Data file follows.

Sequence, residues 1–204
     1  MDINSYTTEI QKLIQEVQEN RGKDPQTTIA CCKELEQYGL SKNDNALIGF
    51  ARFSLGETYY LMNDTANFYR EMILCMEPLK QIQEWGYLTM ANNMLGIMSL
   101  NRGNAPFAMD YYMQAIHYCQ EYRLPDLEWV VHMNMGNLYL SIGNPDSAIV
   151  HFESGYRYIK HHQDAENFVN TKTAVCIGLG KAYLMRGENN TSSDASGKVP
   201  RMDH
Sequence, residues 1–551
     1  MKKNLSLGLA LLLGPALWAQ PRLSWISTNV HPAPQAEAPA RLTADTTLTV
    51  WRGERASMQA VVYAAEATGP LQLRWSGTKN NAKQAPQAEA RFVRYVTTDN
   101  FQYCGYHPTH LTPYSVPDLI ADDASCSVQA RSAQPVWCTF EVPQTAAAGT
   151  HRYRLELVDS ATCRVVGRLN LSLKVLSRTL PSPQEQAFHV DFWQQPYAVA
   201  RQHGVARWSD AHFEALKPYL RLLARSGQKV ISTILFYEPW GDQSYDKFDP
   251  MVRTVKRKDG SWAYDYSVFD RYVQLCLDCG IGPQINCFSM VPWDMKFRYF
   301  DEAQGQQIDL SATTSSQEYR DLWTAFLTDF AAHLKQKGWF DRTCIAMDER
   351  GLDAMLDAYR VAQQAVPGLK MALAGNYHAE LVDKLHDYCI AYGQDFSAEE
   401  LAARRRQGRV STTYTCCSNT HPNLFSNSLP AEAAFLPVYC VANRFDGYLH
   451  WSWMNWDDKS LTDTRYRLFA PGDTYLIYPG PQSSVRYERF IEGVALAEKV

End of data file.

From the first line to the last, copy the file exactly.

Sequence, residues 1–204
     1  MDINSYTTEI QKLIQEVQEN RGKDPQTTIA CCKELEQYGL SKNDNALIGF
    51  ARFSLGETYY LMNDTANFYR EMILCMEPLK QIQEWGYLTM ANNMLGIMSL
   101  NRGNAPFAMD YYMQAIHYCQ EYRLPDLEWV VHMNMGNLYL SIGNPDSAIV
   151  HFESGYRYIK HHQDAENFVN TKTAVCIGLG KAYLMRGENN TSSDASGKVP
   201  RMDH
Sequence, residues 1–551
     1  MKKNLSLGLA LLLGPALWAQ PRLSWISTNV HPAPQAEAPA RLTADTTLTV
    51  WRGERASMQA VVYAAEATGP LQLRWSGTKN NAKQAPQAEA RFVRYVTTDN
   101  FQYCGYHPTH LTPYSVPDLI ADDASCSVQA RSAQPVWCTF EVPQTAAAGT
   151  HRYRLELVDS ATCRVVGRLN LSLKVLSRTL PSPQEQAFHV DFWQQPYAVA
   201  RQHGVARWSD AHFEALKPYL RLLARSGQKV ISTILFYEPW GDQSYDKFDP
   251  MVRTVKRKDG SWAYDYSVFD RYVQLCLDCG IGPQINCFSM VPWDMKFRYF
   301  DEAQGQQIDL SATTSSQEYR DLWTAFLTDF AAHLKQKGWF DRTCIAMDER
   351  GLDAMLDAYR VAQQAVPGLK MALAGNYHAE LVDKLHDYCI AYGQDFSAEE
   401  LAARRRQGRV STTYTCCSNT HPNLFSNSLP AEAAFLPVYC VANRFDGYLH
   451  WSWMNWDDKS LTDTRYRLFA PGDTYLIYPG PQSSVRYERF IEGVALAEKV